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Turkey Monetary Policy June 2023

Turkey: New Central Bank governor ignites tightening cycle in June

On 22 June, the first meeting after Erdogan’s reelection, the Central Bank of the Republic of Turkey (CBRT) decided to change its course of action, increasing the one-week repo rate to 15.00% from 8.50%. The decision to hike rates followed three consecutive holds, after an easing cycle starting in September 2021. The move underwhelmed markets, which were expecting a larger hike from the new governor, Hafize Gaye Erkan—who is perceived as market-friendly.

The Bank’s decision was motivated by recent indicators suggesting that underlying inflation is picking up due to strong domestic demand and cost pressures. Accordingly, the CBRT decided to hike to initiate a disinflationary process and anchor inflation expectations. Meanwhile, the Bank did not comment on the strength of the lira, but an 18.9% month-on-month depreciation of the currency on the day of the meeting likely provided further impetus for the hike. Unlike in previous meetings, the Bank did not explicitly mention its liraization strategy in its monetary policy communique—which aims to ensure the prevalence of the lira in the Turkish financial system via regulations on bank reserves and loans. Instead, it vowed to simplify its micro- and macroprudential framework with the aim of enhancing the performance of market mechanisms and strengthening financial stability.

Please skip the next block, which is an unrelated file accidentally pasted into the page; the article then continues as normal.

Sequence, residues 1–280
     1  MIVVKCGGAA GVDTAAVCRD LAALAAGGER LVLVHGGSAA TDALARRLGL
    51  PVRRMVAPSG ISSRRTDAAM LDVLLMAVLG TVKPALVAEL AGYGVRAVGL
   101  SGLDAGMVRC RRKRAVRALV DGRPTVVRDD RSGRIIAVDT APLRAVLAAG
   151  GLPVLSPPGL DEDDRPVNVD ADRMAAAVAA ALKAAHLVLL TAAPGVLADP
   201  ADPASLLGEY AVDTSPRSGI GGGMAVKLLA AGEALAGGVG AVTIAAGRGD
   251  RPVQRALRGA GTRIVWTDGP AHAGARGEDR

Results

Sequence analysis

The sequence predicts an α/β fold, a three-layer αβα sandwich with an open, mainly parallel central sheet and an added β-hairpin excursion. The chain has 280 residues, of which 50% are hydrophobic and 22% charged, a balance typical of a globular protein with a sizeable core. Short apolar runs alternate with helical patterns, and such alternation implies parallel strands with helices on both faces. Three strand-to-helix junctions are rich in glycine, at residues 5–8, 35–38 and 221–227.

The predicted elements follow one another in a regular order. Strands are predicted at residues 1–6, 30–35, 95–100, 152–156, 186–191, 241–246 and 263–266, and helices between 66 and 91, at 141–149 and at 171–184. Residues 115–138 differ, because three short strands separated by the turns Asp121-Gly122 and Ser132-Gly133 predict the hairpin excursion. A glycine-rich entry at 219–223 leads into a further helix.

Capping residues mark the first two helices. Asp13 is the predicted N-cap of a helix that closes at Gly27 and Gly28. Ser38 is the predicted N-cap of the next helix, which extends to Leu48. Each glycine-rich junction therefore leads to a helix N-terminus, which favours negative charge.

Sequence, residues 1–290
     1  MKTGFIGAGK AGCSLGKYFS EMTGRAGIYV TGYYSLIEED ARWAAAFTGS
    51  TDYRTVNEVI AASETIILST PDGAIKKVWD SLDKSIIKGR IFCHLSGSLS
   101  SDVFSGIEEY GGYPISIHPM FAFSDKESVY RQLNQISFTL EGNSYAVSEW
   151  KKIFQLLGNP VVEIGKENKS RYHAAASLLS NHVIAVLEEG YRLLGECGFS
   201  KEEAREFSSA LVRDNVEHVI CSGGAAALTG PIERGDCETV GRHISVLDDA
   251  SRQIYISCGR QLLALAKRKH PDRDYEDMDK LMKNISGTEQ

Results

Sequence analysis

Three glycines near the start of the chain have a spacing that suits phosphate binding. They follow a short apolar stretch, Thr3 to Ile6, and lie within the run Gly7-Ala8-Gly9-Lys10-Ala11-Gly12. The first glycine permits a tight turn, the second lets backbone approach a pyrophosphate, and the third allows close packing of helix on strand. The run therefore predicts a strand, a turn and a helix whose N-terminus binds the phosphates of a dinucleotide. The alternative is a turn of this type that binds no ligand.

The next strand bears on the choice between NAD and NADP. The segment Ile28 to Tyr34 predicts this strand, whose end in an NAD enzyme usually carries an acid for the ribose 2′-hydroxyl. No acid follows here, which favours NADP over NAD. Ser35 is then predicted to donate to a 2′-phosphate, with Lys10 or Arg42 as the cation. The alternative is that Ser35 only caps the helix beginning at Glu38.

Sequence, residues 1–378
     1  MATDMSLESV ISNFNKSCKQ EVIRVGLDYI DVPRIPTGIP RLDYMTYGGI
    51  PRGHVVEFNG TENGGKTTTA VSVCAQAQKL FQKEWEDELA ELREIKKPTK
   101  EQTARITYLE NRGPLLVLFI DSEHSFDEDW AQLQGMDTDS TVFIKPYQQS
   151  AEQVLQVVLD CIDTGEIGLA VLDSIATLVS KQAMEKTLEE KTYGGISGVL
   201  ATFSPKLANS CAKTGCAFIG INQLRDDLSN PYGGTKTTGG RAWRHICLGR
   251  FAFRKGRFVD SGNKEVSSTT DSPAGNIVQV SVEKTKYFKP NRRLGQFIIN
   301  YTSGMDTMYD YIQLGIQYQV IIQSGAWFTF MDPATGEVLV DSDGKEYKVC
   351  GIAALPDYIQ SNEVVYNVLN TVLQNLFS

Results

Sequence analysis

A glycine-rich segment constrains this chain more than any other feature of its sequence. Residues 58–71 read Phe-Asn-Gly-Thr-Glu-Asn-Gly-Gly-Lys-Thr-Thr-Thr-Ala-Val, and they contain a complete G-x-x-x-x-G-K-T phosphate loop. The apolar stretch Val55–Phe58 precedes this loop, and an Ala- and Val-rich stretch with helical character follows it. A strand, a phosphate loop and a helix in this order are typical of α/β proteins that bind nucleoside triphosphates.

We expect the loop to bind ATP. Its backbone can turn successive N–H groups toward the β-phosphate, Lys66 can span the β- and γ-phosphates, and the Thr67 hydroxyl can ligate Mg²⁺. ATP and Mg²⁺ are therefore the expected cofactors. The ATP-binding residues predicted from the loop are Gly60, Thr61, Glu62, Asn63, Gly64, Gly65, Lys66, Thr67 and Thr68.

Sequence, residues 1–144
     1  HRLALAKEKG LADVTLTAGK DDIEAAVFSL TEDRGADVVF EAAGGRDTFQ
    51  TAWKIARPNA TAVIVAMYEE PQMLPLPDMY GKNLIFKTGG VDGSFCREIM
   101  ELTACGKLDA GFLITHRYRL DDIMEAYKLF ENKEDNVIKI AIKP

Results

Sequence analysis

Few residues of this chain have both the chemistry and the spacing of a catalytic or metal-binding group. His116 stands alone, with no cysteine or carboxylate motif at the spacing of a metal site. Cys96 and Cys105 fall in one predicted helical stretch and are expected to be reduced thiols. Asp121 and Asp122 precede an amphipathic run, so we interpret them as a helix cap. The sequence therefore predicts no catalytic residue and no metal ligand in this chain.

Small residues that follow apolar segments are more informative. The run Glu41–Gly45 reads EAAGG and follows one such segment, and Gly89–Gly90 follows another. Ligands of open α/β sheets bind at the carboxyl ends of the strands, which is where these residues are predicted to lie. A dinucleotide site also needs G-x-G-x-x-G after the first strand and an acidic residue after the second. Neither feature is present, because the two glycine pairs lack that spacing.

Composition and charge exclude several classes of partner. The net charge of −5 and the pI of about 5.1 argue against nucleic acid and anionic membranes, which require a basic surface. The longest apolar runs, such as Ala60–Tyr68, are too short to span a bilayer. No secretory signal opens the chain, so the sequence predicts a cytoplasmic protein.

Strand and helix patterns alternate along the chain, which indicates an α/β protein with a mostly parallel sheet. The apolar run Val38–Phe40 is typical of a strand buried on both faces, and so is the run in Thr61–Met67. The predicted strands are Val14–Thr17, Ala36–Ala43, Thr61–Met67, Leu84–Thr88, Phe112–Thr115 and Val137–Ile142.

The Bank’s forward guidance became markedly hawkish, stating that “monetary tightening will be further strengthened as much as needed in a timely and gradual manner until a significant improvement in the inflation outlook is achieved”.

The next meeting is scheduled for 20 July.

Analysts at the EIU commented on the outlook:

“This initial increase in the policy rate will have little impact on market interest rates, inflation or economic activity. We expect Turkey to continue to raise rates significantly and take other steps in the direction of orthodox policies. However, there is a risk that the policy shift may not be vigorous enough to obviate the risk of an eventual foreign currency shortage.”

Meanwhile, Muhammet Mercan, chief economist at ING, commented on the Bank’s approach:

“The reason for the gradual approach seems to be the continuing political cycle. With upcoming municipal elections in March next year, a substantial loss of momentum in economic activity and possible strains in the labour market in the near term would not be a welcome development.”

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